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Anyone know where I can get canning supplies in the Silver Spring/Tk Pk area? I need two piece lids, and half-pint jars. Strosniders was the first place that came to mind but they don't have them.

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Anyone know where I can get canning supplies in the Silver Spring/Tk Pk area? I need two piece lids, and half-pint jars. Strosniders was the first place that came to mind but they don't have them.

That's very surprising. Strosnider's usually carries them--perhaps they were just temporarily sold out. It is a little bit early in the season for canning. That's where I usually get them. Have you called the Bethesda store? Sometimes Safeway and Giant sell them--they may not have the "quilted" decorative jars that Strosnider's has, but that's another option. I can't remember seeing them at The TP/SS Co-op, but it might be worth a phone call to see if they have any.

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Strosniders does carry them. I was looking in the wrong place.

I picked up four quarts of strawberries from Toigo yesterday and spent the morning making jam. I have ten beautiful little ruby jars cooling on the counter now.

BTW, they sold me a half flat for $4 a quart, rather than $6. Not a bad price.

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I picked up four quarts of strawberries from Toigo yesterday and spent the morning making jam. I have ten beautiful little ruby jars cooling on the counter now.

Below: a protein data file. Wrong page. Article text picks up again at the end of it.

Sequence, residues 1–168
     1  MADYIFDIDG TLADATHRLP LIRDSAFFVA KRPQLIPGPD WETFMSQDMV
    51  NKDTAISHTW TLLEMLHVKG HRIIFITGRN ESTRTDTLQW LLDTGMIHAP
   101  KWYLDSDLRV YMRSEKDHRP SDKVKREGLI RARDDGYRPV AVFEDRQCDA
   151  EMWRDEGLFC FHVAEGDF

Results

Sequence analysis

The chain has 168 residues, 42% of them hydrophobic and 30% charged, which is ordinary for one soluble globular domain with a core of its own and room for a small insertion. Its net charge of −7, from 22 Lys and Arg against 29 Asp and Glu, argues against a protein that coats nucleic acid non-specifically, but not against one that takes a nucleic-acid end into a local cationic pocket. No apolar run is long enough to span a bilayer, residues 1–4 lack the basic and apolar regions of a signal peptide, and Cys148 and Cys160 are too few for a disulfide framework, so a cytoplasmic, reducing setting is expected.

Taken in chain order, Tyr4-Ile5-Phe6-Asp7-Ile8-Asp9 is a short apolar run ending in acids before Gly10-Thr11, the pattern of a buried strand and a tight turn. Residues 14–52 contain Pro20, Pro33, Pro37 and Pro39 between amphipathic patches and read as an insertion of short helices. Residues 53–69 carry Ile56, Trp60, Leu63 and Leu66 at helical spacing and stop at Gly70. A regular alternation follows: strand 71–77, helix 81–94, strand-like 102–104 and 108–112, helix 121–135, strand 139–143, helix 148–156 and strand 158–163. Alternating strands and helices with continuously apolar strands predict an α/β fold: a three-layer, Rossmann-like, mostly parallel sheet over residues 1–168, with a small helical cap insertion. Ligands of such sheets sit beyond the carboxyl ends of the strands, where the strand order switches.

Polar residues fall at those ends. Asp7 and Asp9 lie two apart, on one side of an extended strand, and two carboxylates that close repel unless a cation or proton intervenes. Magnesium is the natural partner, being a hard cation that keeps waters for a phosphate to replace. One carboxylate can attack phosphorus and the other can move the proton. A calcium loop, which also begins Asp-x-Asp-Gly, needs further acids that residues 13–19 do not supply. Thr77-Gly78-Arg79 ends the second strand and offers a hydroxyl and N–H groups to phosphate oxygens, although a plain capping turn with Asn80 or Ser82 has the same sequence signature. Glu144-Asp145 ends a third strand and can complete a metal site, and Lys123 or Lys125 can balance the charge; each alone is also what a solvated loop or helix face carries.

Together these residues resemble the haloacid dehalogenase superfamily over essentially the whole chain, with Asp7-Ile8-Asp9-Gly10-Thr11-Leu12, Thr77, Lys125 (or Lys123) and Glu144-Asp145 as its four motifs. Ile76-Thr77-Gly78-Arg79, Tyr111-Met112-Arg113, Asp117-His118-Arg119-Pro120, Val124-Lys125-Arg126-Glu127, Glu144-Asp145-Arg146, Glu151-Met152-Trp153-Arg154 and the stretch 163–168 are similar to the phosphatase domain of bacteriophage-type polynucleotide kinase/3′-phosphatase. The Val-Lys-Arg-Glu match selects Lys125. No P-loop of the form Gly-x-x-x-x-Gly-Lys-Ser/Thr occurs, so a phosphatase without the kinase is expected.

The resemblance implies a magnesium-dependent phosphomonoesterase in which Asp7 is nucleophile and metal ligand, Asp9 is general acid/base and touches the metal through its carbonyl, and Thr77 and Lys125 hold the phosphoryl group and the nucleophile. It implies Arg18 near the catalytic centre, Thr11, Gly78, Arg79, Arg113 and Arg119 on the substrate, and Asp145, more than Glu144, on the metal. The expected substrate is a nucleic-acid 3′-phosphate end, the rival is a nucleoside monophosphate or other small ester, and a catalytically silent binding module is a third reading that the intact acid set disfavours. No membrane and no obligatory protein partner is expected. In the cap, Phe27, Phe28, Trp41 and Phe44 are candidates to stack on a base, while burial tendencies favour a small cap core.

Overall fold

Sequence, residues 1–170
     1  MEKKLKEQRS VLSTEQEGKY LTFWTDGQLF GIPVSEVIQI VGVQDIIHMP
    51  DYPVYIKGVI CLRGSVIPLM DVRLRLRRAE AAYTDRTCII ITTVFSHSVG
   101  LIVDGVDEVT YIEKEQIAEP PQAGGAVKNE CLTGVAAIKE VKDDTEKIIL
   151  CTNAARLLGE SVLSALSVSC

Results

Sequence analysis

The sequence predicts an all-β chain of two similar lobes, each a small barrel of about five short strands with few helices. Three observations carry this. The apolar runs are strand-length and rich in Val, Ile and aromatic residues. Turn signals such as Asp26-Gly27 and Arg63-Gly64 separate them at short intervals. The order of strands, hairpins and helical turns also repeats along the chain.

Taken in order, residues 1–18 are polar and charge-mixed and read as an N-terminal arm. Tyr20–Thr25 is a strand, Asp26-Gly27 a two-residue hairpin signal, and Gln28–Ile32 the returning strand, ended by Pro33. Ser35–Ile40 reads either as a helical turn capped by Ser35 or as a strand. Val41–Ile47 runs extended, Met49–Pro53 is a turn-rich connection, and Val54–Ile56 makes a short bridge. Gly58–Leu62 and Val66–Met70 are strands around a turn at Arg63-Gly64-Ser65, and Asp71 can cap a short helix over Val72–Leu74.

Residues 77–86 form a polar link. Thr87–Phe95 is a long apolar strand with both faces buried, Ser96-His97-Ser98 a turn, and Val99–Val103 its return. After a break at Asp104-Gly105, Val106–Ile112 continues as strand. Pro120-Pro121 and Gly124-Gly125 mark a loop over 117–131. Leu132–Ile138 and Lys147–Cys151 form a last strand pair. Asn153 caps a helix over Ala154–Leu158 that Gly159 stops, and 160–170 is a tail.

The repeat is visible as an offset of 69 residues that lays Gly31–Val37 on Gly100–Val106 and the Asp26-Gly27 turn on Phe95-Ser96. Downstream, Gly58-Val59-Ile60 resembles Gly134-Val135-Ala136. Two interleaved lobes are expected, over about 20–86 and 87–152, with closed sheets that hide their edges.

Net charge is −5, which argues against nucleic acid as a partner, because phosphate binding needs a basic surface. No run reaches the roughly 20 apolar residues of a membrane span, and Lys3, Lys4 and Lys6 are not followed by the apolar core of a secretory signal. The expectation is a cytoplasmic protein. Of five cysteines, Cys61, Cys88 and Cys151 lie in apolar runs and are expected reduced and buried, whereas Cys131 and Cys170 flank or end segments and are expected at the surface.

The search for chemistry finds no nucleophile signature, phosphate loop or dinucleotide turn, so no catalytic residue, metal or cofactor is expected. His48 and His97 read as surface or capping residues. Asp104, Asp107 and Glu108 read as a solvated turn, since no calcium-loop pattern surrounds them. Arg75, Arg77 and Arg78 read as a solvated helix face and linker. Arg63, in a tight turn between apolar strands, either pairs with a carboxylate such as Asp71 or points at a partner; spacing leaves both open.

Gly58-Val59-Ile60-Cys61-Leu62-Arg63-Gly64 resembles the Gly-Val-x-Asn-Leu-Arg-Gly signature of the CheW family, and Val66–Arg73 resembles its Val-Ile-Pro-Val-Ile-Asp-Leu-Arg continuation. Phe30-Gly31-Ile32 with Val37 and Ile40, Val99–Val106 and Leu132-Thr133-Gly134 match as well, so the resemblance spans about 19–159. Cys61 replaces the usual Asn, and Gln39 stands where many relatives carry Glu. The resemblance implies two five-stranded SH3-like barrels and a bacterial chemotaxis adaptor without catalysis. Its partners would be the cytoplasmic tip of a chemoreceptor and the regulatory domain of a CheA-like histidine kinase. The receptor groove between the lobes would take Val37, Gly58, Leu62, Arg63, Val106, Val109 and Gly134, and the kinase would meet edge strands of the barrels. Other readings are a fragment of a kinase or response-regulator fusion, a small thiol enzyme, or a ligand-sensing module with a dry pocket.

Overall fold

Do you use pectin, or the long-cook method? I think that pectin has the advantage of fast-cooking leaving you with fresher-tasting fruit and more bang for the buck, since the long-cooking method thickens by evaporating much of the water out, leaving you with smaller volume of preserves. But I'm interested to hear from people who think otherwise.

I made preserves yesterday, too. I had picked wild cherries in Battery Kemble Park on Saturday--my first official foraging coup of the year. There are a couple of very old cherry trees (Queen Anne-type) there, one of which is probably a feral tree, growing in a clump of other trees and the other was probably planted when the land around this part of DC was still farmland. Both trees have a lot of fruit on them but only the one that was more in the sun had ripe fruit on it. Most of it is up very high, inaccessible without a tall ladder, and must be left for the birds. The few cherries I was able to reach are smaller than last year's--due to much less rain this year. And even though the variety is not known to be a cooking variety, they work as preserves because they are very sour. The cherry flavor is not as intense as a Montmerency or Morello-type sour cherry. But, still the fun of it is that it is wild and "free."

Have you noticed, though, that the days you choose to do canning are invariably the hottest and muggiest of the season? It never fails, as far as I can tell. All that boiling and sterilizing, and heat and steam. I really understand the concept of the "summer kitchen"--imagining when this operation needed a hot fire in a wood-burning stove, and there was no air conditioning. Since it isn't even June yet, our only allowable cooling comes from open windows and ceiling fans and the kitchen feels like a sauna, and I don't feel as if I've come a long way, baby. But when those juicy, jewel-like jams are in their sealed jars, the feeling of accomplishment and satisfaction --not to mention the deliciousness--makes it worth all the sweat and toil.

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I always use pectin, for the reasons you mention: fresher tasting jam and larger yield.